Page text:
Bennett's platform will not become Israeli policy. Israel's relationship with the United States and its need for stability with its neighbors make that impossible, and Netanyahu will try to form a coalition with parties like the Labor Party or Yair Lapid's new centrist Yesh Atid party in order to avoid being subject to heavy political pressure from pro-settlement religious nationalist parties. Even if the Jan. 22 elections bolster Jewish Home's position in the Knesset and force Netanyahu to build a coalition with parties that strongly advocate further settlement in the West Bank and a more unilateral foreign policy, Israel still needs to maintain its relationship with the United States, despite the two countries' diverging interests on a number of issues.

Israel also cannot afford to destabilize already tense situations in Syria, Jordan and Egypt. Israel's peaceful relations with Jordan and Egypt in particular have defined Israel's geopolitics over the past 40 years. Policies like Bennett's would spark popular appeals in Egypt for the Muslim Brotherhood-influenced government to cut off relations with Israel. In Jordan, a majority of whose population is Palestinian, such policies could enflame an already tense domestic situation as Jordanian King Abdullah attempts to strike a balance between Palestinian-Jordanians, tribal East Bankers and an ascendant Jordanian Muslim Brotherhood.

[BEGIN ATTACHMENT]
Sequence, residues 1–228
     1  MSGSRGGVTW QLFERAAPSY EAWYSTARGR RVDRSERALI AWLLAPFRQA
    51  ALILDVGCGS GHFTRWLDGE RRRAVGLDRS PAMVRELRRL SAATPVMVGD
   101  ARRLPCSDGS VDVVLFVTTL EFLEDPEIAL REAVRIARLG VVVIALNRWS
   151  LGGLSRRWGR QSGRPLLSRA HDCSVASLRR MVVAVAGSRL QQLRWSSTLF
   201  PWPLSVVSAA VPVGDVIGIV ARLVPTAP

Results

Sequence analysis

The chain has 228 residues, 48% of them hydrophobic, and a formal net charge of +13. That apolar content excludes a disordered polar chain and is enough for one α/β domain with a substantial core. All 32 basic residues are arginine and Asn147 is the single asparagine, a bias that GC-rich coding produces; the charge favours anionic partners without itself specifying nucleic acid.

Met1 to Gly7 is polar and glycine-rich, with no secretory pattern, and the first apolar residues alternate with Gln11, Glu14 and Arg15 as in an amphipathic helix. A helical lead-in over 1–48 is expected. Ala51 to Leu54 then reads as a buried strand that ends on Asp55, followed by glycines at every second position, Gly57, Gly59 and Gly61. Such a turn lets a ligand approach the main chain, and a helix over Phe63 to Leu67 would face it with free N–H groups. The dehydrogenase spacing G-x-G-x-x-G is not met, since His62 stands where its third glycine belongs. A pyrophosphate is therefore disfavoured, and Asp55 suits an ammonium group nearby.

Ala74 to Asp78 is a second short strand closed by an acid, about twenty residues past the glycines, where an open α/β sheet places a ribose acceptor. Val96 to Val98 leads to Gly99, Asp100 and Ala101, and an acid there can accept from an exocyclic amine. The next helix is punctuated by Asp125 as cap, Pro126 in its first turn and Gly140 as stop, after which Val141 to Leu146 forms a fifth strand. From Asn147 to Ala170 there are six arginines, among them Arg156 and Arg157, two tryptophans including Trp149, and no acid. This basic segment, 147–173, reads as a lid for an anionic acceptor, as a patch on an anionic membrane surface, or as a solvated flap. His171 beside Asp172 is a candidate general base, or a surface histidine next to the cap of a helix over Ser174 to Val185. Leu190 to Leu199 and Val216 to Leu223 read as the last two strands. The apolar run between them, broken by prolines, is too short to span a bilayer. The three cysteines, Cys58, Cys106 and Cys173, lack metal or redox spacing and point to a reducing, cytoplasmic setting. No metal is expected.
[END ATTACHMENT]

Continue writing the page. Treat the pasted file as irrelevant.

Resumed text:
Threat of a Weak Fatah

While Israel is constrained in what it can do, it faces challenges in the West Bank to which it must respond. Hamas, after claiming a symbolic victory against Israel in the latest Gaza crisis, has shifted its attention to expanding its presence in the West Bank, where it hopes to capitalize on Fatah's waning popularity. Though Fatah remains deeply distrustful of Hamas' intentions, it is engaged in negotiations with Hamas for a unity government meant to allow for collaboration in the West Bank. Israel is already experiencing great difficulty in maintaining its long-held strategy of bolstering Fatah at the expense of Hamas; facing Hamas' rising influence in both Gaza and the West Bank would further complicate Israel's ability to exploit the divided Palestinian factions.